swivel and adjusted for the depth. This technique is also popular for taking Bluefish out
at the Isles of Shoals. Setting out cut bait on balloons and chumming the water is
successful for taking many a blue.One of my standbys for chum is Figaro Cat Food, Tuna
flavor. Just punch a few holes in each side of the can and swish it in the water every few
minutes. Its great for attracting mackerel and pollock too when picking up bait. And if
you wait long enough, a striper will surely stop by, so keep a chunk drifting off the
stern just in case!
An unique method for bottom fishing is a modified fish-finder
rig. This rig is perfect when fishing rocky and craggy bottom and when you need to keep
your bait off the bottom. It is made of a in-line florescent egg float, a slider, a barrel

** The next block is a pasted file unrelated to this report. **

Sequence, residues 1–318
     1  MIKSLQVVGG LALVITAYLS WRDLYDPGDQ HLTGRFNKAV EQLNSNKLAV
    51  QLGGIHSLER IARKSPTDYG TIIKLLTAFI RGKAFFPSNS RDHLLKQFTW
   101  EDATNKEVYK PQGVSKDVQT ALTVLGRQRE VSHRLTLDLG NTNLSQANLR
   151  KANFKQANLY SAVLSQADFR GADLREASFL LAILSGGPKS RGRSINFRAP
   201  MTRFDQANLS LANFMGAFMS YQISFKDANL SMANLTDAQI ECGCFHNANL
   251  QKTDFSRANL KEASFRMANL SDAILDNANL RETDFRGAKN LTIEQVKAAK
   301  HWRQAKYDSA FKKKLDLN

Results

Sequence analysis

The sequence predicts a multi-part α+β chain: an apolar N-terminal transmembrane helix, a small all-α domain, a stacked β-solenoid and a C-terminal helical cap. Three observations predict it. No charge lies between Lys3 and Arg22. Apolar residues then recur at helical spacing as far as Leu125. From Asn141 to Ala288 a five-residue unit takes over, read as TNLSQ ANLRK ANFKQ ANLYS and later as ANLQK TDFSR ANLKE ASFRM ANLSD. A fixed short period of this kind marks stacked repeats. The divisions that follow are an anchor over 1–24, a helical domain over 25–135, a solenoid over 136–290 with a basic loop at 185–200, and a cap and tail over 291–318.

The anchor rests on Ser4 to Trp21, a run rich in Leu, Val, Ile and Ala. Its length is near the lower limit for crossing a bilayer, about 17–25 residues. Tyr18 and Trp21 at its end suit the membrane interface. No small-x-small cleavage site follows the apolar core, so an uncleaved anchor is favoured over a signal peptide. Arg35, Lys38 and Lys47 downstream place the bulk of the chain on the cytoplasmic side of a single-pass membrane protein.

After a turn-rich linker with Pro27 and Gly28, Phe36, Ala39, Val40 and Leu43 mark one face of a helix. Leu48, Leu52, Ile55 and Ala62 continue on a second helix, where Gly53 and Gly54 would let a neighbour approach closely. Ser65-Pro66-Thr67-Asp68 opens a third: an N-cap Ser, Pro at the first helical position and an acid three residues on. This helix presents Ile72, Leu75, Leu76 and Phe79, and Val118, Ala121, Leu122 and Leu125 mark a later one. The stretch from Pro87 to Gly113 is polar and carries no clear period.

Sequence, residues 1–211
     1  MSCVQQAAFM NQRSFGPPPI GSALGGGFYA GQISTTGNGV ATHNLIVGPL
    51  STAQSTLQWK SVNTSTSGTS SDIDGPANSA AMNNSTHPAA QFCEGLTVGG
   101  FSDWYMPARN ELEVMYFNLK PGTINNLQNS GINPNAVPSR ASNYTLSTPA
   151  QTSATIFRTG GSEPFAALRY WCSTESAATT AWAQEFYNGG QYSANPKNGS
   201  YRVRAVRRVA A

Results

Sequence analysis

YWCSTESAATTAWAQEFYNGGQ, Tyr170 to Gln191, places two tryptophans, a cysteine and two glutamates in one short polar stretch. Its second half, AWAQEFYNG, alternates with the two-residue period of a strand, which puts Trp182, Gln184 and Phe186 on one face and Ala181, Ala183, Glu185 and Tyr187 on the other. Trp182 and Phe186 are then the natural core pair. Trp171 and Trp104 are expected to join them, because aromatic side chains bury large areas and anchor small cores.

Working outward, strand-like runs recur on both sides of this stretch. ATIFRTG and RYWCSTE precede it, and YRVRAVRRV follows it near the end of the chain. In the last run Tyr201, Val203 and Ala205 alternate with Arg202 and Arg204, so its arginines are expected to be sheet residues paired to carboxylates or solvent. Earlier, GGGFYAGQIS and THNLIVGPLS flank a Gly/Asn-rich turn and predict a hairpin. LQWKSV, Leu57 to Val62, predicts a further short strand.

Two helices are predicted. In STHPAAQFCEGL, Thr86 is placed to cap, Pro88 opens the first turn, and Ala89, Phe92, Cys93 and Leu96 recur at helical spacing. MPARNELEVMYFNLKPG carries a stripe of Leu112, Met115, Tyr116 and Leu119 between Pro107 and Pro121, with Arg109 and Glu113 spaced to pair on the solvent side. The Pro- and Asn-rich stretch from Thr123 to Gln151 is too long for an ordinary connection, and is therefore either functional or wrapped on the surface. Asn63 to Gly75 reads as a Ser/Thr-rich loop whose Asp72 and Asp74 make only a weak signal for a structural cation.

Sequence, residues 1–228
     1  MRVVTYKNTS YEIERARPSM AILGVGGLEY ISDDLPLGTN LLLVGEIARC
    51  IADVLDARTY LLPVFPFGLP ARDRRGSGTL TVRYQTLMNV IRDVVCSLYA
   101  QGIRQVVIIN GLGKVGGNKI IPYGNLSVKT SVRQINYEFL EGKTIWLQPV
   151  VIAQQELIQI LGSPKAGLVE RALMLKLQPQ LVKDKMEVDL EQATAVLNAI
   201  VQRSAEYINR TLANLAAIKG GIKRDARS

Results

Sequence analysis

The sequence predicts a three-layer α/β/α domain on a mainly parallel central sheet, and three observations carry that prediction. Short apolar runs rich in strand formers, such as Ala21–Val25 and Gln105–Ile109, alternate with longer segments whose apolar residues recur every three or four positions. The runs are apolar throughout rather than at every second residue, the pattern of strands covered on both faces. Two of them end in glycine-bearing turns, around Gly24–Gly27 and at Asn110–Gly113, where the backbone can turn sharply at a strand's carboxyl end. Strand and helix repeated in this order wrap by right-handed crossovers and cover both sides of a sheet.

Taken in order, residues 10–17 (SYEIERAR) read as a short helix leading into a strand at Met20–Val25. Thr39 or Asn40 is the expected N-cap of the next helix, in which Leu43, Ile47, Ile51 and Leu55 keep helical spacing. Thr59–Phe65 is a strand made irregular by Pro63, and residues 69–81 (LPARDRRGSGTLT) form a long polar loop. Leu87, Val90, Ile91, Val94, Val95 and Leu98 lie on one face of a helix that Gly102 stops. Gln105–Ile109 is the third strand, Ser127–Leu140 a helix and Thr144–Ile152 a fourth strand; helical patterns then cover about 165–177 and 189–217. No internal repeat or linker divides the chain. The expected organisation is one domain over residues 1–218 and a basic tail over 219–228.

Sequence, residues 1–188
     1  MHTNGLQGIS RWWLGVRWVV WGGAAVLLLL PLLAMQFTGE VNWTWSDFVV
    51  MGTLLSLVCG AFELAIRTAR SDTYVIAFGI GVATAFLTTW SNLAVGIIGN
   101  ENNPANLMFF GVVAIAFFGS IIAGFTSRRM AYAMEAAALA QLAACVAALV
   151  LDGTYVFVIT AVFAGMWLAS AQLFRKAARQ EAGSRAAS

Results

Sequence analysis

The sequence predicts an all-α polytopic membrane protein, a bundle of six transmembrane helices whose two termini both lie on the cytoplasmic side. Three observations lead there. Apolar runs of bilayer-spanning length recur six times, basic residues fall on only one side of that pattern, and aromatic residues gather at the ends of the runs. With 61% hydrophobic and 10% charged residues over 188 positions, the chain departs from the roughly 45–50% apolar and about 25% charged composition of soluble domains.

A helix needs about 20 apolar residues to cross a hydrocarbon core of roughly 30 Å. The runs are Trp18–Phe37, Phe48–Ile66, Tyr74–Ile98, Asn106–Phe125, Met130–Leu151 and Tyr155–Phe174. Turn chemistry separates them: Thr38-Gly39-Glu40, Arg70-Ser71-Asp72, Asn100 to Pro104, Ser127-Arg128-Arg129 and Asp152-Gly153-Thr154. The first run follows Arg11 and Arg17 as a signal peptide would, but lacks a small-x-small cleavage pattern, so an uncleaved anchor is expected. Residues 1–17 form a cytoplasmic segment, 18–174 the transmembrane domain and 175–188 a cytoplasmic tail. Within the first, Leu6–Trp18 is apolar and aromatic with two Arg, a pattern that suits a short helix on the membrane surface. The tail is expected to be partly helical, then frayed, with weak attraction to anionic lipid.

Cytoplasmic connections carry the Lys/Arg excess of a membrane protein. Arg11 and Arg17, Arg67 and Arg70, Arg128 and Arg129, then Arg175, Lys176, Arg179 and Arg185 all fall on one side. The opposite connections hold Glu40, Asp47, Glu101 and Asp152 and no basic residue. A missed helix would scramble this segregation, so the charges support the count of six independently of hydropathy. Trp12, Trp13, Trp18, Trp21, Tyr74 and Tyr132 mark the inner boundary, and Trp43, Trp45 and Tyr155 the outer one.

swivel, a pyramid sinker and a RUBBER BAND! The keys are:
- Use at least a 4oz pyramid sinker & 7/0 bronze hook
- Use a black fish finder (slider) so fish doesn't feel the sinker
- Attach a rubber band between slider & sinker (allows for sinker release when
- Use minimum 50lb mono leader material
- Use in-line Flo-Orange egg shaped float to keep crabs away from bait
- Use a high quality black barrel swivel without snaps
- Use Chunk Mackerel, it holds better than herring
- Fish with the bail open, clicker on or with a very light drag set
Another method for chunk fishing from
shore is using circle hooks. They are perfect for a catch and release fishery. Circle
hooks are designed not to hook the fish's gut or throat, but to hook their jaw bone as
they swim away. For this to work keep your bail closed and your drag set normal while the
rod is in it's holder. Ask your tackle dealer about circle hooks the next time you visit
him, the bass will thank you.